Dispatches from the present
Can we even call Taylor Swift a pop star anymore? She certainly was one in 2011, when I saw her perform Speak Now and touched her hand, which was cold as ice. Since then, her status has more come to resemble that of an evergreen cult leader. Criticisms of various sizes recoil off her exterior, long hardened from years in the limelight; her thighs are somehow increasingly luminous with age.
As the events of the last couple weeks indicate, though, the world is more unequipped than ever for the magnitude of her influence. The Eras Tour’s presale fiasco appears to have been the starting move in a Rube Goldberg machine, activating a series of increasingly staggering events: first tweets by politicians across party lines condemning Ticketmaster’s monopoly, then public disclosure of an investigation from the DOJ, and now a forthcoming Congressional hearing.
Why the surge of millions of fans onto Ticketmaster’s website at once? Although a Swiftie myself, I confess I too am not sure why this massive cohort of people, mostly women and girls, half millennials, across nationalities and walks of life, flocked to watch Taylor retrace her sixteen-year discography: Is it the relief of getting to hear “All Too Well (10 Minute Version)” in real time? To relive their emotionally saturated teenage years? To reunite in person with Taylor after three album-filled years of her being off tour? To catch her and Phoebe Bridgers in one smooth sitting?
My friends who tried—and largely failed—to get tickets say they wanted to be there, physically, with her. They wanted to experience the feeling of communal release and overcoming that is the core of Taylor’s brand. She has always sold easy catharsis—through confession, comeuppance, having the last say in a conflict. Her music is a bandage for the more predictable plight that typically comes with being a (probably straight) woman, but really anyone who has ever been vulnerably in love. There is no easier, more widely accessible creed today than Swiftism—but what happens when the culminating event of your faith comes at a steep, or impossible, cost?
I didn’t try for Eras because I knew the odds were low and because I don’t love massive concerts; streaming Midnights repeatedly and pirating Bleachers’ version of “Anti-Hero” (a masterpiece) before it dropped on Spotify well sufficed for me. (I also believe that, like her old albums, her old vocals were better too.) So after signing up for the presale lottery I sent my verified fan code to my friend’s sisters, who tried for three days straight and didn’t get anything.
Platforms of such scale exhaust our resources and exhaust us. One writer suggested that, to curb the Ticketmaster craze, Taylor should publicly stream the Eras Tour: a nice idea but, as we all know, the aura intrinsic to live performance is a nonnegotiable part of its appeal. A UChicago economics professor offered the less concessive solution of “paperless ticketing,” which is essentially like selling plane tickets: attaching an (ideally) reasonable price and a name to each purchase and barring the option for resale, hence staving off scalpers. While a great proposal whose implementation is long overdue, this does still leave hordes of desiring fans without tickets; as Ticketmaster wrote in a statement, to meet the demand Eras received “Taylor would need to perform over 900 stadium shows (almost 20x the number of shows she is doing)…that’s a stadium show every single night for the next 2.5 years.”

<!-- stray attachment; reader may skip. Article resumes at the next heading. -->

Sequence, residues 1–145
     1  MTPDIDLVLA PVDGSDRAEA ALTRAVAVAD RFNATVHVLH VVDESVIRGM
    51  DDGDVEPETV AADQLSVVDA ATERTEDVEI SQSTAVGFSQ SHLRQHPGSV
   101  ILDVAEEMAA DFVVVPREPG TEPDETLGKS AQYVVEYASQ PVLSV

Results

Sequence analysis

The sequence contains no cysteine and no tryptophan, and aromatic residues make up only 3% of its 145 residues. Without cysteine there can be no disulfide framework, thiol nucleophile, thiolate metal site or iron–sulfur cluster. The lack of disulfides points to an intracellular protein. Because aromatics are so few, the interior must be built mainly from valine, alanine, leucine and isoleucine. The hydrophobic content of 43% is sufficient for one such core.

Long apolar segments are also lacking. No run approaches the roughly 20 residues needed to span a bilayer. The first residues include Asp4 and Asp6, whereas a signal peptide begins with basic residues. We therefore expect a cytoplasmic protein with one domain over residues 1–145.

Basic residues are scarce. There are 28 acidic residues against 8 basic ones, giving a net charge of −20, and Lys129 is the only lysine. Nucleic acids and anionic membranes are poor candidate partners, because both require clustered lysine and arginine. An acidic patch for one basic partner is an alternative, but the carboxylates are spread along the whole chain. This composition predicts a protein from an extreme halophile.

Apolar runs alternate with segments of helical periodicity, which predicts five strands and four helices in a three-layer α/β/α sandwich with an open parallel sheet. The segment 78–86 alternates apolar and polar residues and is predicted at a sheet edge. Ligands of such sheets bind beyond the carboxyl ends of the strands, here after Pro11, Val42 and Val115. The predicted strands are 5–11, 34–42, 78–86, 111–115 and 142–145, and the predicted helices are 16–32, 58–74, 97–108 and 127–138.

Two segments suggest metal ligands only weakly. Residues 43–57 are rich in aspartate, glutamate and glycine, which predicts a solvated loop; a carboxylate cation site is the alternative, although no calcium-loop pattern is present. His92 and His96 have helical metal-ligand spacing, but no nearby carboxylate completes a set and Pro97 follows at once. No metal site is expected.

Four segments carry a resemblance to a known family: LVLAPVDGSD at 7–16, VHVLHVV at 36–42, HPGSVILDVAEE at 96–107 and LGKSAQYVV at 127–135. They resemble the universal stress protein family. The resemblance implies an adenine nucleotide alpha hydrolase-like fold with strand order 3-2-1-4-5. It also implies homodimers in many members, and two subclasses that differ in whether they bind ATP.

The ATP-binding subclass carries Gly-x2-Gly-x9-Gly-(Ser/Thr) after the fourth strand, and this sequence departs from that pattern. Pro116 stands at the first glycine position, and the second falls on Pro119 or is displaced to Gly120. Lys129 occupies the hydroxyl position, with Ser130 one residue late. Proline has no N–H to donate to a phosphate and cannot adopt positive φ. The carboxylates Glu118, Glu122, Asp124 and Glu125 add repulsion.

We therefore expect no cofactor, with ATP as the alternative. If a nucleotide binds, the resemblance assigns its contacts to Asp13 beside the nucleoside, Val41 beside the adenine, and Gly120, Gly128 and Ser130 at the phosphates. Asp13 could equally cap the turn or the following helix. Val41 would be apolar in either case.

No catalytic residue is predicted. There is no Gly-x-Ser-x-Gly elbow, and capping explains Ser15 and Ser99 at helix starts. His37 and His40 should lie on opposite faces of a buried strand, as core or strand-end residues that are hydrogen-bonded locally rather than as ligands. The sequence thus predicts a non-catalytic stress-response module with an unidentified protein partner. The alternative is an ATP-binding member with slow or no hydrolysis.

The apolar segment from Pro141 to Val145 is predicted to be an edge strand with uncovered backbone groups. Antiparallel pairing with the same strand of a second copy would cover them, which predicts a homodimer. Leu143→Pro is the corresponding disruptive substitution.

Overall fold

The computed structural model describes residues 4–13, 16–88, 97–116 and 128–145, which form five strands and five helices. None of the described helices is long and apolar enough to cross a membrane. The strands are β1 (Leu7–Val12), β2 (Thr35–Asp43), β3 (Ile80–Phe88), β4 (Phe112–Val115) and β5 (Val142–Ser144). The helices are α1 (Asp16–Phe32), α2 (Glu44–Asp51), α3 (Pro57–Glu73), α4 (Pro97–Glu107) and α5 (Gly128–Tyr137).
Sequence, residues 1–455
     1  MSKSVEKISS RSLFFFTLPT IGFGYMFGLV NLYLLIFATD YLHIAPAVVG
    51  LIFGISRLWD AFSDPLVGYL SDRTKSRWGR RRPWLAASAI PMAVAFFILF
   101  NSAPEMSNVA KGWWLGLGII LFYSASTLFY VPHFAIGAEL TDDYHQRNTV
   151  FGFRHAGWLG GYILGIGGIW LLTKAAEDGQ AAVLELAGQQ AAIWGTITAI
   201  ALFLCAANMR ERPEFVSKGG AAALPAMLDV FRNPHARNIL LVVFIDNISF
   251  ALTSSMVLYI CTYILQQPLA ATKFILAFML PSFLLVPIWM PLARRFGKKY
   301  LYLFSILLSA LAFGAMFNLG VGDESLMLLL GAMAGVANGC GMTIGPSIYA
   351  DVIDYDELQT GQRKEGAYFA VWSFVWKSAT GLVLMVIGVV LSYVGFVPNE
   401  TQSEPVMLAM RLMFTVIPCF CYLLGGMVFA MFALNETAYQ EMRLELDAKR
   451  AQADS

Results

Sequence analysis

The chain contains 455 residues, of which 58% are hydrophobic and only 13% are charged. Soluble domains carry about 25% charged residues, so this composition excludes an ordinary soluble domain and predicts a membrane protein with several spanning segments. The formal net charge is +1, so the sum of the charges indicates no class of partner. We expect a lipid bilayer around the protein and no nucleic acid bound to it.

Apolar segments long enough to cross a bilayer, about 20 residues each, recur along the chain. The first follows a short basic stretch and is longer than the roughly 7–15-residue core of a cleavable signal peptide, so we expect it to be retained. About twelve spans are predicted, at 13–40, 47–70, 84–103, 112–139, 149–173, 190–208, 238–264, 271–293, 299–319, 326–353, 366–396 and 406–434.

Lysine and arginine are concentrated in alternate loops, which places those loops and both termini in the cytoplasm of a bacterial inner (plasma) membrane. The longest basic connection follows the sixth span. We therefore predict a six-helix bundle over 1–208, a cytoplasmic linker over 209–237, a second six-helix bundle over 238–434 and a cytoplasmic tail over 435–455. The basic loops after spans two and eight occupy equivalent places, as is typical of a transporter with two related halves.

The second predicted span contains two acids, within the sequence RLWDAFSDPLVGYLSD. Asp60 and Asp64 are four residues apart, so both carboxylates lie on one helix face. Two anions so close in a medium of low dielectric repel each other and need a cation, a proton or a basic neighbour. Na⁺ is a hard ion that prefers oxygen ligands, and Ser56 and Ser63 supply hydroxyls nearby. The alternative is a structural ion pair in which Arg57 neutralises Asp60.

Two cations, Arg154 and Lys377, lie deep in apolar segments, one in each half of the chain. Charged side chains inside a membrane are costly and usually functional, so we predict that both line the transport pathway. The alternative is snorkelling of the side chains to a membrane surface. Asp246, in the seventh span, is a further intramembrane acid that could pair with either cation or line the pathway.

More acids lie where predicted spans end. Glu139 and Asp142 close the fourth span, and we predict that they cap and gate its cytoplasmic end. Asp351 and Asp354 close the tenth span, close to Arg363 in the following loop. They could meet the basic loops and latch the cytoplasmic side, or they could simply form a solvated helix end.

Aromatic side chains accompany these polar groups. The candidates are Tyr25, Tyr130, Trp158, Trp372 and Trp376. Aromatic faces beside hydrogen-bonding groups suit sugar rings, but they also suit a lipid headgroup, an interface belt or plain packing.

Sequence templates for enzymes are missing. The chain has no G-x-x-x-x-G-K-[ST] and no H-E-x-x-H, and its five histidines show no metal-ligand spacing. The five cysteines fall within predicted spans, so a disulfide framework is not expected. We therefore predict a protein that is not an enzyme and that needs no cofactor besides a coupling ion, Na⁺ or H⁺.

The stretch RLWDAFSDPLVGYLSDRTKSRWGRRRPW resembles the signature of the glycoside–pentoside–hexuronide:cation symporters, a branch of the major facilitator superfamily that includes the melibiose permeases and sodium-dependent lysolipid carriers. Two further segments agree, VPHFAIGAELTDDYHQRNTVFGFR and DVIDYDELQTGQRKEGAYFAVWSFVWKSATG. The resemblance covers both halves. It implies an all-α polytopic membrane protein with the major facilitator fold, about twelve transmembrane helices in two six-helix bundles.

It’s a kind of tragedy of the commons: the more fans pursue Taylor Swift’s live performances, the more unpleasant and costly the experience of obtaining access to them has become for everyone. Perhaps the world is not equipped for Taylor’s stardom, and she should scale down for the betterment of society. Would we all be better letting go and moving on? If being a Swiftie remains worth it, I’ll wager that the Eras Tour, at least, isn’t.
At the same time, it seems that the more Swifties coalesce, the more fun we have baffling everyone else. Fans and mere onlookers alike, we’re all circling around this unanswerable thing: Why is Taylor Swift, of all the talented musicians and songwriters in the world, still so popular? With each new release of hers I feel ready to finally move on, to grant myself breathing room from my own relentless and grossly uncritical embrace of every slate of her reflective, lovelorn songs. But often, lately, I am held back by a moment: a dear friend swaying to the music, another nodding to Taylor’s unassuming words, a third visibly unfastening at the sound of her velvety, familiar voice, and I start to get it. You don’t need to think too much with Taylor; you just need to listen, and odds are you’ll become enchanted.
So, ticketless Swifties: seek solace among yourselves, for the steely-eyed megastar herself will only increasingly become ever beyond your reach. Luckily, the best part of being a Swiftie is not hearing her voice live or snagging the best view of the stage; it is discussing, contemplating, loving, critiquing, singing and dancing to Taylor Swift with one another.
“What if I told you none of it was accidental … I laid the groundwork and then, just like clockwork / The dominoes cascaded in a line,” sings Taylor on “Mastermind,” a track from the new album. The eruptions on Ticketmaster might be read as such a cascade, as a sign: to let what has happened happen, to admit defeat on one stage and to move away toward something else more manageable. Still, a friend says she knows she will get her hands on tickets, even if she doesn’t yet know how. I hope for her sake it works out.